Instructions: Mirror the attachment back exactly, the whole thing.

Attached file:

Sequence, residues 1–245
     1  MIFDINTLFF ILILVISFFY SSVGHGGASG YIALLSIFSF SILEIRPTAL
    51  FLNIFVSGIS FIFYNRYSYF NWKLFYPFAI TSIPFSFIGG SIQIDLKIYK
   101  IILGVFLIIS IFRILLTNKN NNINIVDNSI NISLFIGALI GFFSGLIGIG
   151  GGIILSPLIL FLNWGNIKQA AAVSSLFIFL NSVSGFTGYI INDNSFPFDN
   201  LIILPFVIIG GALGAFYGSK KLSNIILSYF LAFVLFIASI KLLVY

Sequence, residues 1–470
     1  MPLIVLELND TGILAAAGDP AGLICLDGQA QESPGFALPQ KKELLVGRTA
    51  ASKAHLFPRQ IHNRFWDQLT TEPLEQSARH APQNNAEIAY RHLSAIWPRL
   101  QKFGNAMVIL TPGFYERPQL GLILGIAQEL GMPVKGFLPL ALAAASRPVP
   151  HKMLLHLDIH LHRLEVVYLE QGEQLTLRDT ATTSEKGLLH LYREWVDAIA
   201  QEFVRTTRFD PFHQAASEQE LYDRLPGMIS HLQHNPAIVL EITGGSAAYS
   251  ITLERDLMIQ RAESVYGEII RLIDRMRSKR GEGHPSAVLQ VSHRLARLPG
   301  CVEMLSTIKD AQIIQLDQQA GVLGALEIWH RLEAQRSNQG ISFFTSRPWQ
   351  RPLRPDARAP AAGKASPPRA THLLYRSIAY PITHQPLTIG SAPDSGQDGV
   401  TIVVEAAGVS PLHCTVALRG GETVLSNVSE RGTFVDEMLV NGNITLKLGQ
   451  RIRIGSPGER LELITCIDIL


Sequence, residues 1–245
     1  MIFDINTLFF ILILVISFFY SSVGHGGASG YIALLSIFSF SILEIRPTAL
    51  FLNIFVSGIS FIFYNRYSYF NWKLFYPFAI TSIPFSFIGG SIQIDLKIYK
   101  IILGVFLIIS IFRILLTNKN NNINIVDNSI NISLFIGALI GFFSGLIGIG
   151  GGIILSPLIL FLNWGNIKQA AAVSSLFIFL NSVSGFTGYI INDNSFPFDN
   201  LIILPFVIIG GALGAFYGSK KLSNIILSYF LAFVLFIASI KLLVY

Sequence, residues 1–470
     1  MPLIVLELND TGILAAAGDP AGLICLDGQA QESPGFALPQ KKELLVGRTA
    51  ASKAHLFPRQ IHNRFWDQLT TEPLEQSARH APQNNAEIAY RHLSAIWPRL
   101  QKFGNAMVIL TPGFYERPQL GLILGIAQEL GMPVKGFLPL ALAAASRPVP
   151  HKMLLHLDIH LHRLEVVYLE QGEQLTLRDT ATTSEKGLLH LYREWVDAIA
   201  QEFVRTTRFD PFHQAASEQE LYDRLPGMIS HLQHNPAIVL EITGGSAAYS
   251  ITLERDLMIQ RAESVYGEII RLIDRMRSKR GEGHPSAVLQ VSHRLARLPG
   301  CVEMLSTIKD AQIIQLDQQA GVLGALEIWH RLEAQRSNQG ISFFTSRPWQ
   351  RPLRPDARAP AAGKASPPRA THLLYRSIAY PITHQPLTIG SAPDSGQDGV
   401  TIVVEAAGVS PLHCTVALRG GETVLSNVSE RGTFVDEMLV NGNITLKLGQ
   451  RIRIGSPGER LELITCIDIL